People are always asking me if I read a lot, and I do—but mostly I read the New Yorker cover to cover every week. I don’t read a lot of novels anymore, which is something I should probably work on. Part of my problem is that I can’t really read novels when I’m working on one—the mediocre ones bother me and the great ones mess up my interior monologue. Seriously, if I read James Ellroy or Don DeLillo, I walk around for weeks thinking like them.

But strangely, not a lot of people recommend things to me to read, and when they do it’s often a work that I haven’t read by a lionized writer that I’ve just finished dissing. “You hate him? Well, you haven’t read this.” (Everyone this year seemed to be talking about Charles Bukowski. I’ll say it again: I’ve read all the Bukowski I’m going to read. You can’t convince me to give him another chance.) I bought my wife a dress at Nanette Lepore, and the manager was this totally charming girl from Texas by way of Tennessee, and she just handed me a list of books, most of which I read. Best recommendations of 2013.

So I did manage to choke down a few things this year, most of which was consumed, binge-like, on my sabbatical to Guatemala. (I try to get down there every year—I have good friends there, and there’s nothing to do but revel in the natural beauty and write. Or read.)


A friend lent me The Lost City of Z by David Grann, which is about Percey Fawcett, a legendary British explorer who disappeared in the Amazon. I’ve taken some flack for the more graphic passages in Killing Williamsburg, but this nonfiction work had some stuff that I found positively skin-wriggling. There is some nasty shit in the Amazon—especially in the giant, dense Amazon that existed a hundred years ago. Next time you see me in a bar, ask about that one thing that most people would probably prefer never to have learned.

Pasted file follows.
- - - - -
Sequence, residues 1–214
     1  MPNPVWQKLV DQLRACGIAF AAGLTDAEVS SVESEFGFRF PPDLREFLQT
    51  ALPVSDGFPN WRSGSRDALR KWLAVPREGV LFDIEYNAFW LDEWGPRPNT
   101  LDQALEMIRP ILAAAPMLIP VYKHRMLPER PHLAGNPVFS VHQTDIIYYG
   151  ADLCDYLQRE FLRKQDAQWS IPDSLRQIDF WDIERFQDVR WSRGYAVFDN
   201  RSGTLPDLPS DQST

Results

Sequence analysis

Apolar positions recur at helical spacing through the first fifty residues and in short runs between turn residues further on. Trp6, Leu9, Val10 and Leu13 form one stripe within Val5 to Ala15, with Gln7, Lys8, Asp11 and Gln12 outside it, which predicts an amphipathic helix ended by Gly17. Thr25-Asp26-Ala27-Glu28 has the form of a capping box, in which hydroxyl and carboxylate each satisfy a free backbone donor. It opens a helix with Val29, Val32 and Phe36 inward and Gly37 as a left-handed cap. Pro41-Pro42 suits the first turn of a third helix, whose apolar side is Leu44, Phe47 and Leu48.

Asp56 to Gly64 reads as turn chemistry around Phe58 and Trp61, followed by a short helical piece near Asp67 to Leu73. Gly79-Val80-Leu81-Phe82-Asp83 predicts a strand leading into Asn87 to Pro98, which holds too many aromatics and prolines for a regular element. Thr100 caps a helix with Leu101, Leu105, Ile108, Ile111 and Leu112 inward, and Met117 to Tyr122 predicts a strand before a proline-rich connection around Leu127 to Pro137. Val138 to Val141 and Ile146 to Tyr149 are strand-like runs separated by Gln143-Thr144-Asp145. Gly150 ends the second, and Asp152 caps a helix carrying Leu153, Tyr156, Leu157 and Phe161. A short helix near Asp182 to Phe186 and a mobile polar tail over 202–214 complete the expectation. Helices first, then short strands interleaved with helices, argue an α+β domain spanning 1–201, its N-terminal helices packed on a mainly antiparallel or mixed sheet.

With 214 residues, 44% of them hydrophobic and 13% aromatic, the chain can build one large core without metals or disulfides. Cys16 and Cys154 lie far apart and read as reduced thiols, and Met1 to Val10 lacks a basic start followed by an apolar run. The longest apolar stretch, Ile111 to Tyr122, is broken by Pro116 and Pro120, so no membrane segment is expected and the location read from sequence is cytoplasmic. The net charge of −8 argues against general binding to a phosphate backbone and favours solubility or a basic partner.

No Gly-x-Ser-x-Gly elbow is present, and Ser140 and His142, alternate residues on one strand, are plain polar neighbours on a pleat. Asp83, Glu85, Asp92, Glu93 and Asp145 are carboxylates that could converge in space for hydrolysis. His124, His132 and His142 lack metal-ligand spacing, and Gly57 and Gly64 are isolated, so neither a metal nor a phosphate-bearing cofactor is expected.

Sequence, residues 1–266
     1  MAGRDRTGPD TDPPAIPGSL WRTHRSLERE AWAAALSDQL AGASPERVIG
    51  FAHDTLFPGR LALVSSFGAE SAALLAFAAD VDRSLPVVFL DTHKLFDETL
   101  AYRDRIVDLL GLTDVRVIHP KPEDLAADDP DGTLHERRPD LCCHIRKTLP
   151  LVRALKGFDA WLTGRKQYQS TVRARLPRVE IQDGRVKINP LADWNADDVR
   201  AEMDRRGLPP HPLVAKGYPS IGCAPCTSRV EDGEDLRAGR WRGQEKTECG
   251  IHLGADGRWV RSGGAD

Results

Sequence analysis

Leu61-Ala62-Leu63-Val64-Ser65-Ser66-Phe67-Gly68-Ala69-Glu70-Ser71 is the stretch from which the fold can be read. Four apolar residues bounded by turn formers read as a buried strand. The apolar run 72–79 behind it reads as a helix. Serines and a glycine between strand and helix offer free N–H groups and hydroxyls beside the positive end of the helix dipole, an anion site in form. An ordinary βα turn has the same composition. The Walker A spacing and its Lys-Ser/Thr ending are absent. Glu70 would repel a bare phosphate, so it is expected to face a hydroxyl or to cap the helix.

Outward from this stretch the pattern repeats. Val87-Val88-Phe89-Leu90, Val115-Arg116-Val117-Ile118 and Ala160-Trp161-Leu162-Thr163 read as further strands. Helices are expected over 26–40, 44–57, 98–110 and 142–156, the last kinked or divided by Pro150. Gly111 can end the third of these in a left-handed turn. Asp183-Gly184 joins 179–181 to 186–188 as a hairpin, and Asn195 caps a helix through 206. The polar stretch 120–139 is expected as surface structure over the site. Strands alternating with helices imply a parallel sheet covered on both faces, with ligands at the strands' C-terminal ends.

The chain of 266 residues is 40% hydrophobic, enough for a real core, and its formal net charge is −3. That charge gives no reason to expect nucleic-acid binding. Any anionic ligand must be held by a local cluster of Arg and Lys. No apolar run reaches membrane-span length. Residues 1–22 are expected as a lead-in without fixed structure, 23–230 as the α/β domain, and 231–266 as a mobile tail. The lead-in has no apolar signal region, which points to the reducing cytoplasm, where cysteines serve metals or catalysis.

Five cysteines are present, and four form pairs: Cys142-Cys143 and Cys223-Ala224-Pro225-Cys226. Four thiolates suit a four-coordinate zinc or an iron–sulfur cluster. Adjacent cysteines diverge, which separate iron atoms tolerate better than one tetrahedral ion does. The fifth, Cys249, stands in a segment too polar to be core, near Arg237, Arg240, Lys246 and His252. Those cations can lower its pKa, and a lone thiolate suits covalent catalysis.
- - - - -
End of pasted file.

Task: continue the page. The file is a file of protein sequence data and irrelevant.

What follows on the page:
Mike DeCapite – Radiant Fog

DeCapite wrote a “weather column” for the magazine angle, which basically meant he wrote about whatever was happening in his head. These collected essays are republished here, and form a dense cloud of fascination with and astonishment of the world. I’ve been reading DeCapite for over twenty years, and am proud to say that his work was read at my wedding. I’m also ashamed to admit that he once caught me pulling a piece of typewritten paper out of his trash can. (I wanted to see how he was reworking a paragraph. Not cool.) He’s a fantastic writer who deserves far more attention. Read this, and then run out and get his chapbook Creamsicle Blue. And then somebody please get his novel Through the Windshield republished—it’s out of print.

I also have to call out the excellent memoir Heads in Beds by Williamsburg habitué and friend Jacob Tomsky—which came out in paperback this year. If you like to read, you should join his weekly short story club. He’s spending half of next year in South Africa, so I’m totally hoping that some weird shit happens to him and that he writes something completely unexpected.


Bluets – Maggie Nelson (Thank you, Shonda!)

I’m calling this fiction but it’s probably not. In that it’s sort of non-fiction. But probably more like poetry. Except I hate poetry, and I loved this, so it couldn’t be. Actually, I don’t know what to call it, which is part of why I’m so sure that it’s genius. It’s truly an original art work—a treatise on the color blue, a love affair with the color blue, a weaving, meandering liturgy through the possible hues of the colors, moods, and ideas collectively known as “blue.” Written in short bursts, almost like biblical passages, you can consume this like little bonbons, popping one small bite a day, or eat the whole box all in one sitting. Truly a magical work of the written word. And I’m still not sure what it’s about, but somehow it elucidates the world while remaining completely mysterious itself. Isn’t that what great art is supposed to be?